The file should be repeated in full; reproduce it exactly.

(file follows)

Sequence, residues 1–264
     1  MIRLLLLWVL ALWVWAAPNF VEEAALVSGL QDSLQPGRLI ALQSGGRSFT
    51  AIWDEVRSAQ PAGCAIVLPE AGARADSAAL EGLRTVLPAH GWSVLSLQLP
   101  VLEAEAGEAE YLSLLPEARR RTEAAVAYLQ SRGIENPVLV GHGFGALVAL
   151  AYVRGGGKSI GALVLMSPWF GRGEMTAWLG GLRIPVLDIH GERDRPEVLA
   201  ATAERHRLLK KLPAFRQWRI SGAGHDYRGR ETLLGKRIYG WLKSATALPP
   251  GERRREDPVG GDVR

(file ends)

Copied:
Sequence, residues 1–264
     1  MIRLLLLWVL ALWVWAAPNF VEEAALVSGL QDSLQPGRLI ALQSGGRSFT
    51  AIWDEVRSAQ PAGCAIVLPE AGARADSAAL EGLRTVLPAH GWSVLSLQLP
   101  VLEAEAGEAE YLSLLPEARR RTEAAVAYLQ SRGIENPVLV GHGFGALVAL
   151  AYVRGGGKSI GALVLMSPWF GRGEMTAWLG GLRIPVLDIH GERDRPEVLA
   201  ATAERHRLLK KLPAFRQWRI SGAGHDYRGR ETLLGKRIYG WLKSATALPP
   251  GERRREDPVG GDVR